|Reader Unit||Analog Gauge|
|Chuck Type||Clip on or dual head chuck|
|Max. Inflation||174psi / 1,200 kPa / 12 Bar / 12 kgf|
|Scale||psi / kPa / Bar / kgf|
|Inlet Size||1/4" NPT / BSP female|
|Housing||Aluminum die casting with rubber cover|
|Accuracy||+/-2 psi @ 25 - 75psi
(exceeds EC Directives 86/217)
|Dimension(mm)||300 x 150 x 110|
|Operation||inflate, deflate, measure|
|Max. Airline Pressure||200 psi / 1300 kPa / 13 Bar / 14 kgf|
|Deflation Valve||Combi trigger|
|Powered by||No power needed|
Die cast Aluminum alloy body with rubber housing, provides anti-bumping and knocking.
¼” NPT or BSP inlet with brass adaptor, longer service life without corrosion.
Durable hybrid hose, made in Europe.
Heavy duty air chuck, dual head available.
Swivel hose connection.
Why Do You Need Tyre Pressure Gauge?
Approximately 11,000 car crashes each year are caused by tyre failure, according to an estimate by the National Highway Traffic Safety Administration. Underinflated tyres are pinpointed as a major cause of failure, while properly inflated tyres can yield a 3.3% increase in fuel economy -- and may just save your life.
Most new vehicles have a tyre pressure monitoring system (TPMS) that warns if a tyre dips under the recommended air pressure. If your car is older, however, you'll need to use a tyre pressure gauge to check if you have the correct tyre pressures. You'll be served well to check them regularly because your tyres are the only part of your car that actually touch the ground.
The Importance of Proper Tyre Pressure
Keeping your car’s tyres properly inflated to the automaker’s recommended pressures is a critical element of tyre maintenance. Tyres that contain the specified amount of air pressure last longer and contribute to vehicle safety.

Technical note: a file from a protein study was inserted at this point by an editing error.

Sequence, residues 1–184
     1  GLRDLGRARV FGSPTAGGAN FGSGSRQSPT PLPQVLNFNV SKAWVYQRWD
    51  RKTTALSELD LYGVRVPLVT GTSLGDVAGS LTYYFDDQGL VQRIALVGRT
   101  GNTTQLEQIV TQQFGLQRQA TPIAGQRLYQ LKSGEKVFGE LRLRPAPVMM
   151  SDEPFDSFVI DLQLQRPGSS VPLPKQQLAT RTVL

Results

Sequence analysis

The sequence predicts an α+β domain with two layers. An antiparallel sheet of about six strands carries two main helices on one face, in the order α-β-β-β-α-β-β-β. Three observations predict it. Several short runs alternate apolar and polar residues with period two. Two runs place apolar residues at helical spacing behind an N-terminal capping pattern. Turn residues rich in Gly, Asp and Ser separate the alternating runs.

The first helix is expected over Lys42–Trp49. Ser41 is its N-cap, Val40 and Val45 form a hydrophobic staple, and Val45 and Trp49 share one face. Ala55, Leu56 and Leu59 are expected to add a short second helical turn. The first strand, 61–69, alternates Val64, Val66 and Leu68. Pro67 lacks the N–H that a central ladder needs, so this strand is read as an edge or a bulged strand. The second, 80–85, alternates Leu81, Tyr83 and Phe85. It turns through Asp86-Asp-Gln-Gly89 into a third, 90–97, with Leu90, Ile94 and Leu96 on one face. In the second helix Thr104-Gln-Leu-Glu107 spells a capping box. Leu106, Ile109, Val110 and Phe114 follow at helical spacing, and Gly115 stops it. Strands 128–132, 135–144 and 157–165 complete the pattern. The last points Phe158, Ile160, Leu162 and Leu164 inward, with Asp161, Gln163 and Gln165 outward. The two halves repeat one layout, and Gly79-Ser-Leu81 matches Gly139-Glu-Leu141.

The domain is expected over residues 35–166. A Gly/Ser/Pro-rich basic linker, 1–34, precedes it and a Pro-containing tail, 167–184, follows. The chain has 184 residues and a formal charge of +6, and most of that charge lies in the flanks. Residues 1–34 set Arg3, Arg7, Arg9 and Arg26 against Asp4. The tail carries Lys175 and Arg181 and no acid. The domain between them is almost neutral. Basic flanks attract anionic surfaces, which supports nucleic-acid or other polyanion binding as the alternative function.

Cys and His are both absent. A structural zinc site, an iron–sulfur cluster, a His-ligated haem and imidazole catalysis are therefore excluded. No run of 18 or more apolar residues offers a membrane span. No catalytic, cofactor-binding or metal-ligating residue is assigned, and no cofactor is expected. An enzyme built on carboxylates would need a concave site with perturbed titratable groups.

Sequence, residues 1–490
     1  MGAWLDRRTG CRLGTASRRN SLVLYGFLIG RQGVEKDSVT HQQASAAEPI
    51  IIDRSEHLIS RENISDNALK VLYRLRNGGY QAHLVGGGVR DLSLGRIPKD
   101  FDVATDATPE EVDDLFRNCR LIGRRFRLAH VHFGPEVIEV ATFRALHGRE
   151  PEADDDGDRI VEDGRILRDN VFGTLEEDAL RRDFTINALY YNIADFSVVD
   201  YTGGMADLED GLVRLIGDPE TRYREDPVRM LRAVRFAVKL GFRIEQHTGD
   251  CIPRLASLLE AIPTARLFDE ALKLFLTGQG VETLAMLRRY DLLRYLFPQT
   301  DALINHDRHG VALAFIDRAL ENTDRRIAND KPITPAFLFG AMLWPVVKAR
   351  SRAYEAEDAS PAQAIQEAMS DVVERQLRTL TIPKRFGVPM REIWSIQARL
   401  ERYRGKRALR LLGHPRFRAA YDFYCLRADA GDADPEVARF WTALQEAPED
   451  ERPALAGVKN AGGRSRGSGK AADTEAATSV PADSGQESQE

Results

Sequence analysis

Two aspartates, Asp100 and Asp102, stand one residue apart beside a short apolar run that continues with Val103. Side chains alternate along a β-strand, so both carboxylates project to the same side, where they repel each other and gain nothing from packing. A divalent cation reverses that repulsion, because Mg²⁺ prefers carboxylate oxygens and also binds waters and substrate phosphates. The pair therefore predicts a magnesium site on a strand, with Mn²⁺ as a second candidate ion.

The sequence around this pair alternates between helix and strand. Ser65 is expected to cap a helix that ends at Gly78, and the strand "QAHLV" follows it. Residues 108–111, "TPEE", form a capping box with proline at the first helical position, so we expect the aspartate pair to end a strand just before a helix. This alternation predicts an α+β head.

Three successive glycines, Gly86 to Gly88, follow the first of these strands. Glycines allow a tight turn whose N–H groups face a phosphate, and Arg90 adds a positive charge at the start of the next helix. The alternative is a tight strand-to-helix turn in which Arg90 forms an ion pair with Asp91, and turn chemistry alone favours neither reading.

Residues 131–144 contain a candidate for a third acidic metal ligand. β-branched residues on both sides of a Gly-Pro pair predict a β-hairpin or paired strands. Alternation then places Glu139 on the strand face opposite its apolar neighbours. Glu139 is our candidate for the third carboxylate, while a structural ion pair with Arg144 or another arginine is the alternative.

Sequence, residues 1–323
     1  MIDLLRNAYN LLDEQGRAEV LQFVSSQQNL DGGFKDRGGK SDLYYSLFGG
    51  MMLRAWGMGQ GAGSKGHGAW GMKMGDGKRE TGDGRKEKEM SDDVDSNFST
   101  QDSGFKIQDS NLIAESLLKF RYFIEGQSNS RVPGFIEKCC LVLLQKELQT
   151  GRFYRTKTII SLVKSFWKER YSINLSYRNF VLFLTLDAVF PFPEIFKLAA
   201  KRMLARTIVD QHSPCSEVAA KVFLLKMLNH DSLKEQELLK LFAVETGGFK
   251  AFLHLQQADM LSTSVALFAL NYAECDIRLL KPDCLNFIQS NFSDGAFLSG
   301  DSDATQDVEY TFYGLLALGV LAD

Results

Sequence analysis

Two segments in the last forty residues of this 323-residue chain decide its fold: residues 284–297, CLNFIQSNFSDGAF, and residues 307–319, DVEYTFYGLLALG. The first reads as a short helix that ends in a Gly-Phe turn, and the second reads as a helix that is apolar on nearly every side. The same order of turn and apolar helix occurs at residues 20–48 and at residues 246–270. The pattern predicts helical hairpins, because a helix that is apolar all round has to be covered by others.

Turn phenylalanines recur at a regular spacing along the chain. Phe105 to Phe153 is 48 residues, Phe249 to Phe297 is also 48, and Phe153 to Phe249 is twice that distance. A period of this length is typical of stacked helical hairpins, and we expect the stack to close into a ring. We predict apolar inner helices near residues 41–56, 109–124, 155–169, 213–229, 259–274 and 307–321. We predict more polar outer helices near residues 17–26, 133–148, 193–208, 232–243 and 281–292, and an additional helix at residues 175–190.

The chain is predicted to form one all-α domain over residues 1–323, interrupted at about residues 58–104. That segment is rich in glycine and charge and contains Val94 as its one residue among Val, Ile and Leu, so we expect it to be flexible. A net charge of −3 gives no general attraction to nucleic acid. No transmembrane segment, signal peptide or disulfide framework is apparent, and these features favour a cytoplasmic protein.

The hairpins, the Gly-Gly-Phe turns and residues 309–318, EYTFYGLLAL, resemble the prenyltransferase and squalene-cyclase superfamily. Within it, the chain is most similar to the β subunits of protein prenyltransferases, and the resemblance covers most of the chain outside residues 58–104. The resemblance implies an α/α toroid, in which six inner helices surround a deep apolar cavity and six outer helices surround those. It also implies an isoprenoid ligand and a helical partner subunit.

Dangers and cost impact
Low tyre pressures affect braking distances and provide less responsive steering and handling. This can be especially dangerous when an emergency stop or sudden evasive maneuver is needed to avoid a collision.
In addition, low pressures allow tyre sidewalls to flex excessively, which generates heat. While moderate heat simply accelerates tyre tread wear; high heat can lead to loss of tread segments or even blowouts.
Underinflated tyres also have higher rolling resistance, which reduces fuel economy. And, they wear more rapidly at the outer edges of the tread, which means replacement will be necessary sooner than with properly inflated tyres.
Overinflated tyres are less of an issue. Modern tyres can easily withstand pressures that exceed those recommended for normal driving. However, consistently overinflated tyres provide a less compliant ride and suffer more rapid wear in the center of the tread, which again means replacement will be necessary sooner than with properly inflated tyres.
Determining proper tyre pressures
Refer to your vehicle owner’s manual or the tyre specification decal on the driver-side doorframe. For older model cars (prior to 2003), tyre inflation information may be located inside the glove box door, fuel filler flap, or trunk lid. Do not use the pressure molded into the tyre sidewall. This indicates the pressure needed to meet the tyre’s full rated load carrying capacity, not the pressure specified for your particular vehicle.
Vehicle manufacturers provide basic tyre pressure specifications that may vary from front to rear, and also when the vehicle is fully loaded or used for extended highway driving. Higher pressures increase load capacity and reduce heat buildup.
Some pickups and sport utility vehicles have light-truck tyres marked as “LT” on the sidewalls. The recommended inflation pressure for light-truck tyres can vary significantly depending on a vehicle’s load and usage.